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13

The Project Management role grew from needs to coordinate in the traditional environments. If the title sticks around, the role still has to change. I've seen PMs take on higher level coordination, become a PO, become a SM or design a new role altogether. This is all depending on your organization, quality of agile adoption and access to coaching. If not ...


8

The It depends pretty much answers all of your questions because they really depend on the context. My first advice is to change your questions by adding the why do I to the beginning. For example, "Why do I want to have one meeting per week?" Because I have to write a report once a week to my boss? Or, because I would like to know about the daily life of ...


8

I think the different levels can relate to the Agile Onion as described by Simon Powers. Entry level: Can implement the tools and processes, but doesnt have a good understanding why the processes, practises, principles and value's exist. Could lead to cargo-cult Agile. Intermediate: Can work on a team level, but does not yet have the experience to change ...


6

It will be very hard to break into Project Management "cold" - You will definitely need enough experience in the field/sector you are applying for to be able to talk credibly about it and this can only take time and experience. One way in might be to begin working in a PMO (Project Managment Office) perhaps as a PMO administrator- That way you can learn the ...


5

Probably not. The main job of a PM is to drive all the stakeholders in the same direction, which is sometimes more diplomacy and communication than actually project organisation. Scrum is a methodology to deliver product in accordance with requirements. However, a project is usually not limited to simply delivery a product, it may involve business, ...


5

The answers to those questions depend heavily on your company/institution/hierarchy. I think we can only respond in the context of PMI (although I'd love to hear from a PRINCE practitioner or other non-PMI organization). Work performed as a project coordinator almost certainly qualifies as job experience towards PMP certification (I'm only hedging because ...


5

I would be wary about giving an absolute answer to this because the meaning of a job title can vary hugely from organisation to organisation and sector to sector. In my own sector - digital/software development - I would say that Project Coordinators normally report in to Project Managers who may, in turn, report in to Programme Managers. In my experience ...


5

Job titles mean whatever an organization wants them to mean. However, in my experience a Product Owner (or, in less agile environments, a Product Manager) is often responsible for a single product or a closely-related suite of products. Advancement within Product Management is generally into managing a portfolio of products. In some companies, a Product ...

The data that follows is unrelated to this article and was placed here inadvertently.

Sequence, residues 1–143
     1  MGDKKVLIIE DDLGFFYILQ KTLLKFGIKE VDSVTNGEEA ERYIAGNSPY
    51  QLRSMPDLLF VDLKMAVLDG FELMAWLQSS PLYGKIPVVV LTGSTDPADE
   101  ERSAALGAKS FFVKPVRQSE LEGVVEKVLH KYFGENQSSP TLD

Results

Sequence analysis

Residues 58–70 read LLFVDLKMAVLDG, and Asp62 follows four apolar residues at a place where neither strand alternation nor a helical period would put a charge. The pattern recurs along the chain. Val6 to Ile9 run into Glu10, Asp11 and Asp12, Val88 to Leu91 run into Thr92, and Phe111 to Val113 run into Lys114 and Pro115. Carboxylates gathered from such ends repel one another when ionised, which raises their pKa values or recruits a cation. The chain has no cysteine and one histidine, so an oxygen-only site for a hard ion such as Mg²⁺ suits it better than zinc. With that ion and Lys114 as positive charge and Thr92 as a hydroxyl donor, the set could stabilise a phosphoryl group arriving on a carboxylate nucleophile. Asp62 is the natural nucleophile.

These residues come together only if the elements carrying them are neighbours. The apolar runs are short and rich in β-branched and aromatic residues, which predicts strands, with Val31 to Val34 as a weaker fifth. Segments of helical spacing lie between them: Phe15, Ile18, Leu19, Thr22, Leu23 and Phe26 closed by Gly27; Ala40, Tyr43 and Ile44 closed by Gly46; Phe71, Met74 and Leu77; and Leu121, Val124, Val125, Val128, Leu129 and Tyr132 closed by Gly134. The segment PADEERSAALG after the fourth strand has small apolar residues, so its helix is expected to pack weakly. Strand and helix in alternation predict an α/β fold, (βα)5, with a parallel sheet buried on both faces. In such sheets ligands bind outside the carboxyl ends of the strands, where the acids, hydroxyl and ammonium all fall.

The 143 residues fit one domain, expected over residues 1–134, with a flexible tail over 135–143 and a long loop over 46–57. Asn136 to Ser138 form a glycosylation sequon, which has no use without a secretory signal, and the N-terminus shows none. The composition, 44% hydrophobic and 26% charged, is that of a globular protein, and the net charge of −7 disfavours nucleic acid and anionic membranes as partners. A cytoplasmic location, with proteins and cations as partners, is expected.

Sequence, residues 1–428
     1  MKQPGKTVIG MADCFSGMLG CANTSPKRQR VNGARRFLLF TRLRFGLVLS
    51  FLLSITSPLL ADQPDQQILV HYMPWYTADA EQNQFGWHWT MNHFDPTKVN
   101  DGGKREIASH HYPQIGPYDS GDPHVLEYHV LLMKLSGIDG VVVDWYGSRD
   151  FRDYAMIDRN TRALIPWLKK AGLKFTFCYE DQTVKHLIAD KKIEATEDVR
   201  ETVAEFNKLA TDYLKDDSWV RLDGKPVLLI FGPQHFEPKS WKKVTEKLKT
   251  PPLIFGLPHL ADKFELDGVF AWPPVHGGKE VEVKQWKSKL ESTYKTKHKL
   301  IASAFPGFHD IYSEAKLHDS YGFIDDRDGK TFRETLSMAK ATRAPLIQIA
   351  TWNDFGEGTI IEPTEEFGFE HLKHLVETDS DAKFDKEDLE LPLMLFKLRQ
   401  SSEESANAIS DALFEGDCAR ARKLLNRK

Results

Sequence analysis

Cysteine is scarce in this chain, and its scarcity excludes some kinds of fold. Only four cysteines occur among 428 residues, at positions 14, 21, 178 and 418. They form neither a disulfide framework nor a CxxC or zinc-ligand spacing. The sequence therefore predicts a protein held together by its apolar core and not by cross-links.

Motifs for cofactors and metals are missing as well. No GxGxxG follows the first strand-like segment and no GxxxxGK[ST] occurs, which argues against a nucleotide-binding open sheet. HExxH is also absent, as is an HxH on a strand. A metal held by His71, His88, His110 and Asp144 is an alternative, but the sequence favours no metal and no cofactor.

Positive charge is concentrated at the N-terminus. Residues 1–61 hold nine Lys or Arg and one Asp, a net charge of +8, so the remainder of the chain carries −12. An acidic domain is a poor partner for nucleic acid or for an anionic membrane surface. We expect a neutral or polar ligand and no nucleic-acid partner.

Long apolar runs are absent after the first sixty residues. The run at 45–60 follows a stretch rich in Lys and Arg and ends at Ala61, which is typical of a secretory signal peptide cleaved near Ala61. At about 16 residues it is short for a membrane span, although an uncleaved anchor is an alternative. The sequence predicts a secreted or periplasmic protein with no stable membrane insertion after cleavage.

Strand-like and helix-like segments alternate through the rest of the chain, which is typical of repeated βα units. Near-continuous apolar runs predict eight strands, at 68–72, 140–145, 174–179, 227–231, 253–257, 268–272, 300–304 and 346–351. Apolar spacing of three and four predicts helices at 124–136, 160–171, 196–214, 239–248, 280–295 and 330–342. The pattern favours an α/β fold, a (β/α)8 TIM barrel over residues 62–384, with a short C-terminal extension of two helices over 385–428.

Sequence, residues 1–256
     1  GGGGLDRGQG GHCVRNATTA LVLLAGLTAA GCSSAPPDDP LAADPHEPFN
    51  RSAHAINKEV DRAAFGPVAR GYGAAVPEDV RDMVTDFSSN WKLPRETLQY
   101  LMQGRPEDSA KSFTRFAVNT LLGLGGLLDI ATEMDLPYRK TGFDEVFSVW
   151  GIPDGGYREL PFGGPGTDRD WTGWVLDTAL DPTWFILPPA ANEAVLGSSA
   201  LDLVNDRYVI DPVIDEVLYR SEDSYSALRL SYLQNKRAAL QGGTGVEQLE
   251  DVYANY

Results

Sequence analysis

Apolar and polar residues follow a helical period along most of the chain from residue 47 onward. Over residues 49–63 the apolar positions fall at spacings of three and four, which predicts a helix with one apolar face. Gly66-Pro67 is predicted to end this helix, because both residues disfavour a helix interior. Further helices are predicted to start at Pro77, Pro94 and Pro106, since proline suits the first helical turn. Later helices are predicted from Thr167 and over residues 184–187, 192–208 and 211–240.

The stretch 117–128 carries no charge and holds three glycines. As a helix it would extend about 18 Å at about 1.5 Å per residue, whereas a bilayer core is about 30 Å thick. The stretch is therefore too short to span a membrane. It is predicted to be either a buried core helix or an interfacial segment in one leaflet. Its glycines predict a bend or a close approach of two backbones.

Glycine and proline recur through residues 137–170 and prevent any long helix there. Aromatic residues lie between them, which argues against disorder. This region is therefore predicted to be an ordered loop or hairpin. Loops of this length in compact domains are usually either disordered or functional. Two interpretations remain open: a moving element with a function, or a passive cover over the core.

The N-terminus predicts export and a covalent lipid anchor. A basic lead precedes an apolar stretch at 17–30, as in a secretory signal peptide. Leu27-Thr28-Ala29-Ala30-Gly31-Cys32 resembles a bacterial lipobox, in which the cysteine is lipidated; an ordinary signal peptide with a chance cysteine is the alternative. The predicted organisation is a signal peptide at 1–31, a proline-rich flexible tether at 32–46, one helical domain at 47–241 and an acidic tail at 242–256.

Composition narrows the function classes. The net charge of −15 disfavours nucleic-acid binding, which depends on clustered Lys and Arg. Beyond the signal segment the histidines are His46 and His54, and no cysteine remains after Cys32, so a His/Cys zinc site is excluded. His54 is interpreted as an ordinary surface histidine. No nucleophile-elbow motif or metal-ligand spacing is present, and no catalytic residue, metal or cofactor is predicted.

5

This is always going to be a subjective measure because it is not a binary decision-it is not like an exam that you have either passed or not. Having said that, in most situations I have come across it is decided through defined (and somewhat arbitrary) combinations of: years of experience in Project Management experience with different team sizes (i.e. ...


5

In my organization many PMs get very little say in Human Resources decisions for their projects. The functional manager says who they can spare that fits the criteria and that is who the project manager gets. This said I don't think there is anyone who doubts our PMs are in fact PMs. I think the same holds true for costs. If you are managing projects you ...


4

Bluntly the relationship between the project coordinator function and that of project manager is similar to that between a secretary. The secretary has an excellent grasp on the day to day activities of the task, but has never taken responsibility for delivery. This does not mean that the project coordinator cannot make the step to being a project manager, ...


4

Simple answer: If your client asks you to do something, you're not a consultant. If they ask you what they should do, you're a consultant.


4

In one post, you managed to exhibit simultaneously what you SHOULD do and what you SHOULD NOT do. You are asking all the right questions and there are a ton more you need to ask. And each question should spawn into several more. What you SHOULD NOT do is expect a definitive answer as there is no such thing. Zsolt has it right: it depends. Ask the ...


4

Wow, huge question! Let's talk about: Capabilities: Personal skills and knowledge Talent: How much effort is necessary to be good at something? Potential: The end of development within a specific domain To identify the next good PM you need to: Identify the required capabilities within your company. I would prioritise leadership and communications like ...


4

You can be a Scrum Master, but without any experience in Agile, you will not be effective. The training itself is two days, and does not cover most of the extreme cases you'll meet day to day. If you would like to be a good Scrum Master, be part of a team that actually is agile, and learn form its Scrum Master. If you would like to land a good job, do the ...


3